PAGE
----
November et al (2010) use a number of terms that seem like laudable alternatives to the mimetic temptations of the roadmap metaphor, including: navigational platform, and dashboard. While capturing the interactive aspect of making and using maps, these two terms have the disadvantage of already being quite common in the vernacular of digital computing. Though perhaps for some audiences this might be an advantage on account of familiarity and a sense of contemporaneity that is lacking from the roadmap and pattern book alternatives.
My personal favourite candidate as an alternative to roadmap is ‘smartphone’. A clunky and no doubt in most circumstances impractical candidate: in present circumstances it is hard to imagine a consultancy, for example, delivering a metaphorical ‘smartphone’ to a client in place of a metaphorical ‘roadmap’ without some laborious exegesis. Imagine politicians talking about their ‘smartphone for a hydrogen future’ or a ‘smartphone to better aged care’. There would be a few raised eyebrows.
The superficial clunkiness of the smartphone metaphor masks a deeper interpretative fecundity, at least this is what I will attempt to argue in what follows. And remember, at one point in history, using ‘roadmap’ in place of ‘smartphone’ in the above examples might have seemed just as perplexing.
While it might lack the romantic undertones of large-scale organic metaphors like constellations, trees and landscapes, the smartphone is nonetheless deceptively complex and large in scale, despite also fitting in a palm or pocket. Furthermore, this lack of romanticism is, I would suggest, also one of its advantages. The world of digital entrepreneurship has pillaged the so called natural world for cosily familiar, seemingly benevolent things and places (e.g. Apples). Better to sacrifice the smartphone to this cause than the sky or the forest.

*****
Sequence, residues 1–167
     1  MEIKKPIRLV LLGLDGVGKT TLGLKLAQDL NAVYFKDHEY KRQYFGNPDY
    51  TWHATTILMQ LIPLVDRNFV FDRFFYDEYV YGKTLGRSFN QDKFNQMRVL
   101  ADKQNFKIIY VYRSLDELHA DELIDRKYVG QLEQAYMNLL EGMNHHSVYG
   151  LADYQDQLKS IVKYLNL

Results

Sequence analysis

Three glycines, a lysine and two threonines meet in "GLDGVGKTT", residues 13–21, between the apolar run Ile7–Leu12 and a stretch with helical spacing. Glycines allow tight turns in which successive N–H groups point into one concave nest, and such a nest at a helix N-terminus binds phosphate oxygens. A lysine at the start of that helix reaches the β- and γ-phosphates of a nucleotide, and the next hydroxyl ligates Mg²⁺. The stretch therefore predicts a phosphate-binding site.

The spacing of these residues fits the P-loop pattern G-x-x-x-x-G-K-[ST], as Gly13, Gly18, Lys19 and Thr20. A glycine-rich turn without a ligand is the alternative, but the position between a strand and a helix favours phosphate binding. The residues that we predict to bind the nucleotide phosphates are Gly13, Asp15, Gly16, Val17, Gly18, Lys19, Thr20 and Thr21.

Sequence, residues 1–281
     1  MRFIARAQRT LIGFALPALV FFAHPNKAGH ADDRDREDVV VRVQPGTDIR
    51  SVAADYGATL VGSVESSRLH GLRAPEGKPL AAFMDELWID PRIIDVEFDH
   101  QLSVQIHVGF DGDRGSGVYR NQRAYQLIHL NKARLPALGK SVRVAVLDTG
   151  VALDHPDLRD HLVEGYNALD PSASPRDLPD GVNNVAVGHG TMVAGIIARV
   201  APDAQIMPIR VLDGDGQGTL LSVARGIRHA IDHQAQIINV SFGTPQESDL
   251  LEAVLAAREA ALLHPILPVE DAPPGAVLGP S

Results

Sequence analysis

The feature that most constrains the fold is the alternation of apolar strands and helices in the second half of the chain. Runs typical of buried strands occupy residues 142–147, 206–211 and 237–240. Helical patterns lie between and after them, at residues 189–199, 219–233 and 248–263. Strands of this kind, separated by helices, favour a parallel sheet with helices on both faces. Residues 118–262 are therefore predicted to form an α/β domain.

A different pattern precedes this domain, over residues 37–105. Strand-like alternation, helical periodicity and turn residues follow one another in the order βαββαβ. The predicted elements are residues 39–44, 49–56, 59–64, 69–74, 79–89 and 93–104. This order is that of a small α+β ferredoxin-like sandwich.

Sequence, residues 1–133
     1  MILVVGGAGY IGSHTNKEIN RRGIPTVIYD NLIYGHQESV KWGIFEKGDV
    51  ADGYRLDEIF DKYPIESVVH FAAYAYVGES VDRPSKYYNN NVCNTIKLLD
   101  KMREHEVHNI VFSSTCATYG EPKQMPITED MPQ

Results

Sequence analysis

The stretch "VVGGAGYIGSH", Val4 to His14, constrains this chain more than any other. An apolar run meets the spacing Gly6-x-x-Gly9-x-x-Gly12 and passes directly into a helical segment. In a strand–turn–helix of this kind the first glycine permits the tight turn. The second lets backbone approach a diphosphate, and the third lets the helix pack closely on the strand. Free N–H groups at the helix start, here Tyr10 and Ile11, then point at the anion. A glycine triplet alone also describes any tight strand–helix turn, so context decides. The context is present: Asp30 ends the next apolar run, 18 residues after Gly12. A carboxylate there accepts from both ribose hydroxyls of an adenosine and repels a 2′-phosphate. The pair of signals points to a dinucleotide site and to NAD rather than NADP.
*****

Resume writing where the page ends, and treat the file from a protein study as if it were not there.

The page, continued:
Presently, it is almost impossible to ‘black box’ the smartphone metaphor as something that is taken for granted in terms of its interpretative affordances. Unlike ‘roadmap’ which is close to becoming so conventional to qualify as ‘dead’, the smartphone is, in this context, alive with a sense of the inappropriate. As the source domain for a metaphor describing future planning, it is at once familiar and yet so obscure to demand unpacking. Granted, this is not advantageous in circumstances where brevity is the top priority. In the more gratuitous contexts of academic theorising, however, the smartphone metaphor comes into its own.
The smartphone is among the most widespread, most advanced pieces of navigational equipment that has even been created in the Western world. While the pocket globes of the 18th and 19th centuries might have been advanced in their time, the multifunctional, computational and creative powers of the smartphone testify to the massive advances in navigational technologies over the intervening centuries. Furthermore, not only does the smartphone allow people to navigate through and between places, like previous mapping technologies, it also possesses unprecedented affordances for logging into different platforms. In this sense it is not a bounded, static, or even well understood technology, but a mutable, polymorphous, adaptable digital guardian.
Smartphones are cameras, photo albums, navigational tools, telephones, internet browsers, alarm clocks, messaging tools, music archives, music players and measuring devices for how far we walk — just to name some of the more obvious functions. Considering this polyvalence, I’m reminded of a story from The Bible, Mark 5:1–20, when Jesus encounters a man possessed by demons in the region of Gerasenes and asks his name. “My name is Legion,” the man replies, “for we are many.”